Nobody knows exactly where “Rat 55" lives or precisely what technology it uses to accomplish its mission, but it sure is an exotic beast. The USAF’s secretive NT-43A testbed is a highly modified 737-200 that goes far beyond ground-based radar and infrared signature testing on stealthy aircraft by plying its trade high up in the sky in their target aircraft’s natural operating environment.
The aircraft’s massive radomes and structural modification were said to have been designed by Lockheed’s Skunk Works and were installed by the Goodyear Aerospace plant in Arizona around the turn of the century. Before that, USAF serial number 73-1155 lived its life as a humble T-43A navigational training aircraft from 1974 to 1997. It was then retired to the boneyard and stored there for over two years before being chosen for its new unique role. The aircraft’s first flight in its monstrous NT-43A form was on March 21, 2001.
According to Globalsecurity.com, the NT-43A’s genesis may have deep roots dating back to the origins of stealth technology itself. It seems that the company behind the project has direct links to the creator of the famous Skunk Works’ ECHO-1 software program that resulted in the stealthy ‘Hopeless Diamond’ which eventually turned into the Have Blue demonstrator and then the famous F-117A Nighthawk:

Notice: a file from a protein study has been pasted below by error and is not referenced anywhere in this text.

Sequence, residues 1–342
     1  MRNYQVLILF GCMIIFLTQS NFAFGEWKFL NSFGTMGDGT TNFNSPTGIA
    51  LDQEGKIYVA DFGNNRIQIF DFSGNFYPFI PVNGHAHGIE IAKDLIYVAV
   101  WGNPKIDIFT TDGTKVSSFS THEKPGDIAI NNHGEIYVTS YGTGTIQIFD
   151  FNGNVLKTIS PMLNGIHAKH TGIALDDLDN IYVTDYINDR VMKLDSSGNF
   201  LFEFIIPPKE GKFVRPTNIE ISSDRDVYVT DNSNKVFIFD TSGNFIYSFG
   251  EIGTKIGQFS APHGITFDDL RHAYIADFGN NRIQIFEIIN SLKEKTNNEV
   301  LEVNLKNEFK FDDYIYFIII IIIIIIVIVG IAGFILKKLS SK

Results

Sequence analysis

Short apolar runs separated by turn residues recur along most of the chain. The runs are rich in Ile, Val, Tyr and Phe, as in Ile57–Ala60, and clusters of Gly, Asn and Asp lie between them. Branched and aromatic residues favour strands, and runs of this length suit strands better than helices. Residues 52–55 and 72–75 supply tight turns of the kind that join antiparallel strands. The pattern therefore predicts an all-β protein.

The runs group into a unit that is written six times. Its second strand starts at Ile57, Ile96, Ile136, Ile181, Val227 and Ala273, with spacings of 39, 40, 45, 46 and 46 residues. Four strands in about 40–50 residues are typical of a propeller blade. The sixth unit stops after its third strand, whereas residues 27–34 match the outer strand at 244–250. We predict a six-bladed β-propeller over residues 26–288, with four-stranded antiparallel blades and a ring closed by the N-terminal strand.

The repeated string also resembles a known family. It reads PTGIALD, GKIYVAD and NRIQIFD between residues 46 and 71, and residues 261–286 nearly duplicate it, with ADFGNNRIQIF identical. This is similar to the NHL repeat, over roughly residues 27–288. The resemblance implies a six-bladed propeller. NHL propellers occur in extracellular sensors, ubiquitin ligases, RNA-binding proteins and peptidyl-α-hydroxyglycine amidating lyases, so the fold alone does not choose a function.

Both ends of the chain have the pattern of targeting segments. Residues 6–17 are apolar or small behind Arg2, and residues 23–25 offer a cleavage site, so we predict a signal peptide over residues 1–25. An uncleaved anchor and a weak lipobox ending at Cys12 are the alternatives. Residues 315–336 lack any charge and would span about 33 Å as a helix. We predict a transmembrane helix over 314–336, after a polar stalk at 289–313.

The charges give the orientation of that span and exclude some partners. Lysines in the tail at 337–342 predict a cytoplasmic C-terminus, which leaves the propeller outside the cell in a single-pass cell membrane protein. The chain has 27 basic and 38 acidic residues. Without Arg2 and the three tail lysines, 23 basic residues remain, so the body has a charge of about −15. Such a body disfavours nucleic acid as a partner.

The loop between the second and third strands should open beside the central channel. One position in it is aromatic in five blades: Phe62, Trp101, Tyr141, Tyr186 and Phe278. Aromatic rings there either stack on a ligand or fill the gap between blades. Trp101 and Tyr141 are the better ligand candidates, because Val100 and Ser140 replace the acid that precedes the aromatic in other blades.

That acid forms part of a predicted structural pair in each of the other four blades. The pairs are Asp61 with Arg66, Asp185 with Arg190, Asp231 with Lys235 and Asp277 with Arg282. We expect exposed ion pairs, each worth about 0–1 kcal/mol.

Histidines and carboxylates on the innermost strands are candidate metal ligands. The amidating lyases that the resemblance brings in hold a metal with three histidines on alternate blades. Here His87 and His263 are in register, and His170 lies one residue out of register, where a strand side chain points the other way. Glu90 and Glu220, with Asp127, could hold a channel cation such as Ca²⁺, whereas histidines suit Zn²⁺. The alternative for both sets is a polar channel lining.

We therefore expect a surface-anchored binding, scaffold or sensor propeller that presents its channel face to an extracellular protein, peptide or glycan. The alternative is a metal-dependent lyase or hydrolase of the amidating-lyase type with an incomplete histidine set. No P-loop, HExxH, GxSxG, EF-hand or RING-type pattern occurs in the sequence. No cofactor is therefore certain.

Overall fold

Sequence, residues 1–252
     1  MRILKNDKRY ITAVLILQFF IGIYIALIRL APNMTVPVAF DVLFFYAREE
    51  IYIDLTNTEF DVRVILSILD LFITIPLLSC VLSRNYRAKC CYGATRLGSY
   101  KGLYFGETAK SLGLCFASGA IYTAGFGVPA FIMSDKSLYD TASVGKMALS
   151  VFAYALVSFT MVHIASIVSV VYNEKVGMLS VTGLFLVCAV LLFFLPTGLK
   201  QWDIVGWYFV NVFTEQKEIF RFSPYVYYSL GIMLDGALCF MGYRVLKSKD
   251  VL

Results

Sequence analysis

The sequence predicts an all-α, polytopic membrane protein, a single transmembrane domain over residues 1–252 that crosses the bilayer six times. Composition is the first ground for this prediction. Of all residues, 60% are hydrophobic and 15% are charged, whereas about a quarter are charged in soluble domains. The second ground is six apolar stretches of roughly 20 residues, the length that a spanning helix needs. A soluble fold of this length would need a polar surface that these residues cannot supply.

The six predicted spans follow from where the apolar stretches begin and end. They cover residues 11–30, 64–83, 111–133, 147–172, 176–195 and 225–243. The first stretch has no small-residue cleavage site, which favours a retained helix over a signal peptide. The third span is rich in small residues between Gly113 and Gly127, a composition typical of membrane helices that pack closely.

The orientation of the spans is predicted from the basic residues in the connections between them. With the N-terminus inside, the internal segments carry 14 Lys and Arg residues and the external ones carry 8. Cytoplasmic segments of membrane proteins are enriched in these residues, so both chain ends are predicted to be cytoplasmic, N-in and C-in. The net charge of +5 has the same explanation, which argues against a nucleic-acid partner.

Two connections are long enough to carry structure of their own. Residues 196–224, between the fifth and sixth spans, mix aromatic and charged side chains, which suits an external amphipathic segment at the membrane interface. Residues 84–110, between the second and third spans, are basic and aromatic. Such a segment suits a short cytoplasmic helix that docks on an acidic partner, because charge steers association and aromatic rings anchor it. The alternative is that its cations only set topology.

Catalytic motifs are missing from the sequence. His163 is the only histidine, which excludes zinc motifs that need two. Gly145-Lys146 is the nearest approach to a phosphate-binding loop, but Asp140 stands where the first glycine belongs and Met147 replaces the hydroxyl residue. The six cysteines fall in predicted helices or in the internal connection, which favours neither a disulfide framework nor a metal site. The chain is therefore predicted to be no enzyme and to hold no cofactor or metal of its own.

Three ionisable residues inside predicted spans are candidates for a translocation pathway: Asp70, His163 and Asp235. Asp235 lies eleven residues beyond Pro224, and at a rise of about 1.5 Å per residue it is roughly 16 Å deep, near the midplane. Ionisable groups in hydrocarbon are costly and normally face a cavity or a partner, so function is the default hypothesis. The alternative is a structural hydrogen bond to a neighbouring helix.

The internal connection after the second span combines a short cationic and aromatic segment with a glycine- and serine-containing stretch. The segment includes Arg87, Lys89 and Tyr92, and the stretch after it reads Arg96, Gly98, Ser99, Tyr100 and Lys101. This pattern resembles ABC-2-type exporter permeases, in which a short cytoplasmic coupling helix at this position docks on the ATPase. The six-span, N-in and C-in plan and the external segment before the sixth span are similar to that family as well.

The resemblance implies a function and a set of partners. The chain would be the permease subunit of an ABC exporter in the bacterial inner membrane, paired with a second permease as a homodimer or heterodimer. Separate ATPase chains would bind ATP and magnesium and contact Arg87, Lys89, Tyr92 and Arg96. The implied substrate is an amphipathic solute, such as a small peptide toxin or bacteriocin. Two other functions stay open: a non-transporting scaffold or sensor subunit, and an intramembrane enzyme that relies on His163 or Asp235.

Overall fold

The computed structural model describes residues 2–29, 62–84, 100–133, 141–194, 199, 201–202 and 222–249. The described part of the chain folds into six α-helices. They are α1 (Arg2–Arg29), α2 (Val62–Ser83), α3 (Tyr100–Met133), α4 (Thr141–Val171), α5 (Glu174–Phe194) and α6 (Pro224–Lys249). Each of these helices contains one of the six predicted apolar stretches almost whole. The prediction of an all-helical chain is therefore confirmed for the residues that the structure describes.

In mid-2000 the Lockheed Martin Advanced Prototype Center, part of the Advanced Development Programs’ (ADP) organization, handed over its first major deliverable — a flight-worthy composite structure — on the center’s first design and fabrication contract. The structure, a 19-foot long, 6.2-foot diameter fairing and bulkhead assembly, was delivered to customer DENMAR Inc. The prime contractor Denmar is a company specializing in stealth technology. The “Den” stands for President Denys Overholser, the former Skunk Works engineer credited with devising the shape of the first stealth aircraft. The assembly provides an aerodynamic transition from the existing aft fuselage of a T-43 aircraft, a modified Boeing 737-200, to an oversized radome. The aircraft serves as a Radar Test Bed (RTB) for future Air Force programs. The design, fabrication and machining of the structure’s components were all performed at Palmdale. The structure is made of a 90-percent carbon epoxy/honeycomb sandwich material, with machined aluminum parts, and houses an airborne radar assembly. The contract with DENMAR also included the design and fabrication of three radomes for the RTB aircraft. Each radome is more than 6.5 feet in diameter and 9 feet in length.